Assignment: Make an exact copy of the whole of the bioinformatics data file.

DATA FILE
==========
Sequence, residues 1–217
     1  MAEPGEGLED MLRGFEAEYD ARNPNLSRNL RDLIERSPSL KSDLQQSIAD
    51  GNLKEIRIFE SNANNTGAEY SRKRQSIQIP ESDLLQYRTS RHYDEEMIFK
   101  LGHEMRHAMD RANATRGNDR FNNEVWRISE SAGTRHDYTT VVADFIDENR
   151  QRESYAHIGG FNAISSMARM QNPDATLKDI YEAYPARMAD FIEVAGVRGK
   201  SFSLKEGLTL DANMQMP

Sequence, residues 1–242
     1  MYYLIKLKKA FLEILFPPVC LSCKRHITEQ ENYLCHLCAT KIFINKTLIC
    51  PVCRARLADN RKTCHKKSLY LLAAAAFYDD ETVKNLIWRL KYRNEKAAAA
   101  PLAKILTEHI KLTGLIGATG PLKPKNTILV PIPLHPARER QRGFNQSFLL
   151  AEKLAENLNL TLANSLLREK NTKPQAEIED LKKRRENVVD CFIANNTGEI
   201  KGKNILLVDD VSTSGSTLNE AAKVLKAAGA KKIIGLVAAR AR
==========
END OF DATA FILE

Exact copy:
Sequence, residues 1–217
     1  MAEPGEGLED MLRGFEAEYD ARNPNLSRNL RDLIERSPSL KSDLQQSIAD
    51  GNLKEIRIFE SNANNTGAEY SRKRQSIQIP ESDLLQYRTS RHYDEEMIFK
   101  LGHEMRHAMD RANATRGNDR FNNEVWRISE SAGTRHDYTT VVADFIDENR
   151  QRESYAHIGG FNAISSMARM QNPDATLKDI YEAYPARMAD FIEVAGVRGK
   201  SFSLKEGLTL DANMQMP

Sequence, residues 1–242
     1  MYYLIKLKKA FLEILFPPVC LSCKRHITEQ ENYLCHLCAT KIFINKTLIC
    51  PVCRARLADN RKTCHKKSLY LLAAAAFYDD ETVKNLIWRL KYRNEKAAAA
   101  PLAKILTEHI KLTGLIGATG PLKPKNTILV PIPLHPARER QRGFNQSFLL
   151  AEKLAENLNL TLANSLLREK NTKPQAEIED LKKRRENVVD CFIANNTGEI
   201  KGKNILLVDD VSTSGSTLNE AAKVLKAAGA KKIIGLVAAR AR